A mockup of a react button. The platform's 'Thanks' icon is emphasized.

'Thank You' Button

Increases retention & contagious prosocial behaviors

Tested

Likely

Empower Connection

'Thank You' Button

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Overview

What It Is

A stand-alone button, or reaction, which enables users to express thanks and gratitude.

What Is Its Intended Impact

Evidence has shown that receiving thanks increased two-week retention of Wikipedia contributors by 2 percentage points on average, and caused people to send more thanks to others by 43% on average.

When To Use It

This works as either a react icon for when users may 'like' content, or as a stand-alone button beneath content.

How We Know It Works

Why It Might Work

In 2020, Cornell's Citizen & Technology Lab—i.e. CAT Lab—published findings from a year-long experiment. The study explored the impacts of 344 volunteers thanking 2,702 Arabic, German, Polish, and Persian-language, Wikipedia contributors.

Why It Matters

The ability to increase new user retention by two percent, coupled with a 43% in thankful exchanges, could correlate to not only increased sustained web traffic, but also to a more resilient community.

We also think that it matters that people, when they are thanked via a button like this, proceed to use the button to thank others.

Humans are social creatures. Research on gratitude has found that, when your brain recognizes that someone has done something nice for you, it reacts with gratitude to motivate you to repay them and others. Gratitude signals the "interpersonal warmth of the expresser, [which prompts] investment in the burgeoning social bond." (Williams, L. A., & Bartlett, M. Y., 2015)

We would like to see more research on whether this increased gratitude has more direct, measurable effects on community cohesiveness and resilience to anti-social behavior.

Special Considerations

Examples

This entry is currently being researched & evaluated!

You could help us improve this entry by contributing facts, media, screenshots, and other evidence of its existence in the wild.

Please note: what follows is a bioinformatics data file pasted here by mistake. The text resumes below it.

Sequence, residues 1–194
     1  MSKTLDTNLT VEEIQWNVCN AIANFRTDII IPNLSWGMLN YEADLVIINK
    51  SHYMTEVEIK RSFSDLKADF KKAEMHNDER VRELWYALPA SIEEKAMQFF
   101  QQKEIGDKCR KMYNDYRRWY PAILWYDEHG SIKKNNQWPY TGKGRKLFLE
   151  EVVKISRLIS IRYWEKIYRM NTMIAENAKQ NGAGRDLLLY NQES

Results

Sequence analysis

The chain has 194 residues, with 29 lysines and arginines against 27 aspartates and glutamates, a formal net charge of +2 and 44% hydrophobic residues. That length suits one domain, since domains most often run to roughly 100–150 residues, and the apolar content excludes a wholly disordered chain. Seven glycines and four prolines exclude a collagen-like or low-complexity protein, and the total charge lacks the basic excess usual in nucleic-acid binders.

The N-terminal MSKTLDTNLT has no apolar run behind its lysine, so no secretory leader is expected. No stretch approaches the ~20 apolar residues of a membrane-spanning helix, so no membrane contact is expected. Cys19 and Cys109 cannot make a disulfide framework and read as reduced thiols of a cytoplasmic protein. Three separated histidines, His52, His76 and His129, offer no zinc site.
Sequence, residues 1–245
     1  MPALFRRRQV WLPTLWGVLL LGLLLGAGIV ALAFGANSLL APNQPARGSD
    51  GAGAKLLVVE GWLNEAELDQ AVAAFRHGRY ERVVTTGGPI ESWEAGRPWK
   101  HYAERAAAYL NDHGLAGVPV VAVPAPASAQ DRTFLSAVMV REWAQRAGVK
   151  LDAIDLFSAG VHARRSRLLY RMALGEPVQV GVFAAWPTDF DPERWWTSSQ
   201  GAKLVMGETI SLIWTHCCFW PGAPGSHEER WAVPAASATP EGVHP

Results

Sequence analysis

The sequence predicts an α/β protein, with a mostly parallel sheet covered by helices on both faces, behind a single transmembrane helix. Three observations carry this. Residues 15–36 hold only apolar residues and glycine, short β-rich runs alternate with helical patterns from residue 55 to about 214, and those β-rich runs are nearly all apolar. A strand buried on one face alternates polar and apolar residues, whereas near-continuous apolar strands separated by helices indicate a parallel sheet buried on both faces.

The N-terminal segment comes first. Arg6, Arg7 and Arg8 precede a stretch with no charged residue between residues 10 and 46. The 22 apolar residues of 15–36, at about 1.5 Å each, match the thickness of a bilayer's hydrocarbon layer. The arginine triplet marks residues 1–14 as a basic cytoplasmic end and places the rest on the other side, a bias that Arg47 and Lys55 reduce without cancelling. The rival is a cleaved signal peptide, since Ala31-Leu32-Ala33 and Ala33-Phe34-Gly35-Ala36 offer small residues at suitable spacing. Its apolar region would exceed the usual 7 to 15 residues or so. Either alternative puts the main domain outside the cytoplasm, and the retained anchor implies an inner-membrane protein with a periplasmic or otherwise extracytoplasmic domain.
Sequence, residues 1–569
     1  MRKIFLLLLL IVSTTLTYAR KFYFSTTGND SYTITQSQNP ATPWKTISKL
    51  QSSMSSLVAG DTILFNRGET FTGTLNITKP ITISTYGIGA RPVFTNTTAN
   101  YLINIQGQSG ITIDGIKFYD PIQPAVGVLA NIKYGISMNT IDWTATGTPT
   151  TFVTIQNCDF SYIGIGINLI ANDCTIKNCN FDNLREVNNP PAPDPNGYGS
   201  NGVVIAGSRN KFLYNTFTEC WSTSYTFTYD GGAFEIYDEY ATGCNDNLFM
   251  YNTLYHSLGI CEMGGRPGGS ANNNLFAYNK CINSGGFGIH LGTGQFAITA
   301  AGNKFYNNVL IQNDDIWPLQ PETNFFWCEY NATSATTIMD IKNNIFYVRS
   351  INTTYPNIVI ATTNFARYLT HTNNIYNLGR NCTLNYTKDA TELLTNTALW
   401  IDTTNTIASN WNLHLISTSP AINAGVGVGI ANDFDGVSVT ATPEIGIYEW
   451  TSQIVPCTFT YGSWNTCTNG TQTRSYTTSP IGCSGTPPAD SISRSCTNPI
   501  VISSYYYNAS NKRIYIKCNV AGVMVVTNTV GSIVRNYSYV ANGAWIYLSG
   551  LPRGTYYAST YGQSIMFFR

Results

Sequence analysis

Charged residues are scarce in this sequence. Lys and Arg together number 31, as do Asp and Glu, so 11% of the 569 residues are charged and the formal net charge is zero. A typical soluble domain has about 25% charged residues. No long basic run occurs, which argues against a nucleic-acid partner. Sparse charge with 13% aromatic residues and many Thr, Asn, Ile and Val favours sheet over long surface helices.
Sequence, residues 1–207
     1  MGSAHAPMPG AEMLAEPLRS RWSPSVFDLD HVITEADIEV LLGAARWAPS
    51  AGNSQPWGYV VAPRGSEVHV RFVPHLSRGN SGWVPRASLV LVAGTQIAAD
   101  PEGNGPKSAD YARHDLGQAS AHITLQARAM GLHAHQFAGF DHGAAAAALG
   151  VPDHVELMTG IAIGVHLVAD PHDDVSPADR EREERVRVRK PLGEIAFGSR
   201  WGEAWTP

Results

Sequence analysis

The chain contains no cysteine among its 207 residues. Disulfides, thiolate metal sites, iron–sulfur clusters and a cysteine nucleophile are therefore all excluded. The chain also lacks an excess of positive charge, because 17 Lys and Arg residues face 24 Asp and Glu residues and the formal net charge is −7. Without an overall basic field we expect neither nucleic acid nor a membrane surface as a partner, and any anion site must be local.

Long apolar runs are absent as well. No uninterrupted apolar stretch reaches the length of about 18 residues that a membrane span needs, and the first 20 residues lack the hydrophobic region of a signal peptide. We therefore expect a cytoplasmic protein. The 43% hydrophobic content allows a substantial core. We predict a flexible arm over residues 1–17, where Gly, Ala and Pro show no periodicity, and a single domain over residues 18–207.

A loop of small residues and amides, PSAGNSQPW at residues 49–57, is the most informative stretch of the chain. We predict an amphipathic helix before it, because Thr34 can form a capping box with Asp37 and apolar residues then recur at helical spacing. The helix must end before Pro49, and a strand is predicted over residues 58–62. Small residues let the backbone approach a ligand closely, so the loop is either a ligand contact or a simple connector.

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Our Confidence Rating

Likely

A grade of Likely is given to interventions that someone has rigorously experimented, published their methods and data, all without a conflict of interest being present. However, it is still awaiting peer review, i.e. it is a preprint.

This is the third highest grade that we give interventions.

In The Wild

This intervention has precedence, and exists, or has at one time or another, existed in the wild.

Citations

Intervention Specific Research

Volunteers Thanked Thousands of Wikipedia Editors to Learn the Effects of Receiving Thanks

Author(s)

J. Nathan Matias, Reem Al-Kashif, Julia Kamin, Max Klein and Eric Pennington

Date of Publication

June 20, 2020

Publication Status

Preprint

Study Design

Experimental

Sample Size(s)

Min.

Total

2702

Max.

Affiliation(s)

Citizen and Technology (CAT) Lab

Journal Name

Entry Type

Research Article or Manuscript

Publication Statistics

Online Impact

Citations

APA Citation

There's more to learn about this intervention. Want to help?

Do you think this intervention could have more benefits, unacknowledged drawbacks, or other inaccuracies that we've neglected to mention here?

We always welcome more evidence and rigorous research to back up, debunk, or augment what we know.

If you want to be a part of that effort, we'd love to have your help!

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Further Reading

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